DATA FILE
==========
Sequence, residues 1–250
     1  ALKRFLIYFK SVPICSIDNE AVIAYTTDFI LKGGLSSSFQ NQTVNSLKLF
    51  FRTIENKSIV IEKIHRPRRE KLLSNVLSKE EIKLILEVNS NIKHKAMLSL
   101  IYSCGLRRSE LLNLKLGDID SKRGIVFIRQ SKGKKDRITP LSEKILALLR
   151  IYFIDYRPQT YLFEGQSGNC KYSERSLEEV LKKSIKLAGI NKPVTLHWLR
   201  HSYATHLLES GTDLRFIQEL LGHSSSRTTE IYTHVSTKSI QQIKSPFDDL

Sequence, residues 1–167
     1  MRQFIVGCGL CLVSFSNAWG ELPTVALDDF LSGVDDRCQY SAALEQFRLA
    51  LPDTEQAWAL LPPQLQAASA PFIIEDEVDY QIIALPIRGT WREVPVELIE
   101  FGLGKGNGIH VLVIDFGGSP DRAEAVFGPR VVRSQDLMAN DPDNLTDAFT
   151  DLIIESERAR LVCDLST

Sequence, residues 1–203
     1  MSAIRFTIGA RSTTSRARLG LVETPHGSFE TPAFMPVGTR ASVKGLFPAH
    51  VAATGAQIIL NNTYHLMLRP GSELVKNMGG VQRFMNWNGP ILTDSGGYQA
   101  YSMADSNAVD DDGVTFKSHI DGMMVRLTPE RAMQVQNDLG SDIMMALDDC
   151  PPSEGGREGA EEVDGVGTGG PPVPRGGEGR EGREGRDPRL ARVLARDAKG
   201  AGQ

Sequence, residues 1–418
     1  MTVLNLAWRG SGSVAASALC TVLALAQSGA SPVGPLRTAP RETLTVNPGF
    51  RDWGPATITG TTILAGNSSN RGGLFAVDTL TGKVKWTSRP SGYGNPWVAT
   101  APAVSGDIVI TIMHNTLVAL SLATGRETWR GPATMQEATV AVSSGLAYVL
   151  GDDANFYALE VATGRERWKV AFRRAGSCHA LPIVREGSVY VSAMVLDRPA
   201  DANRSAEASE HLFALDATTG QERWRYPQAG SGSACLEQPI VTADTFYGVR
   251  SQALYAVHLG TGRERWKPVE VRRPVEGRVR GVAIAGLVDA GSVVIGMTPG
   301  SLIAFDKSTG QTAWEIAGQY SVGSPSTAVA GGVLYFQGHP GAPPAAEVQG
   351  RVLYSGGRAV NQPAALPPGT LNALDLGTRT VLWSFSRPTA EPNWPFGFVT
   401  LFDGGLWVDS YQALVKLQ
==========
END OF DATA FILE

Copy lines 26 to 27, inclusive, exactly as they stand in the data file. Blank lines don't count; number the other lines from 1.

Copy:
   351  RVLYSGGRAV NQPAALPPGT LNALDLGTRT VLWSFSRPTA EPNWPFGFVT
   401  LFDGGLWVDS YQALVKLQ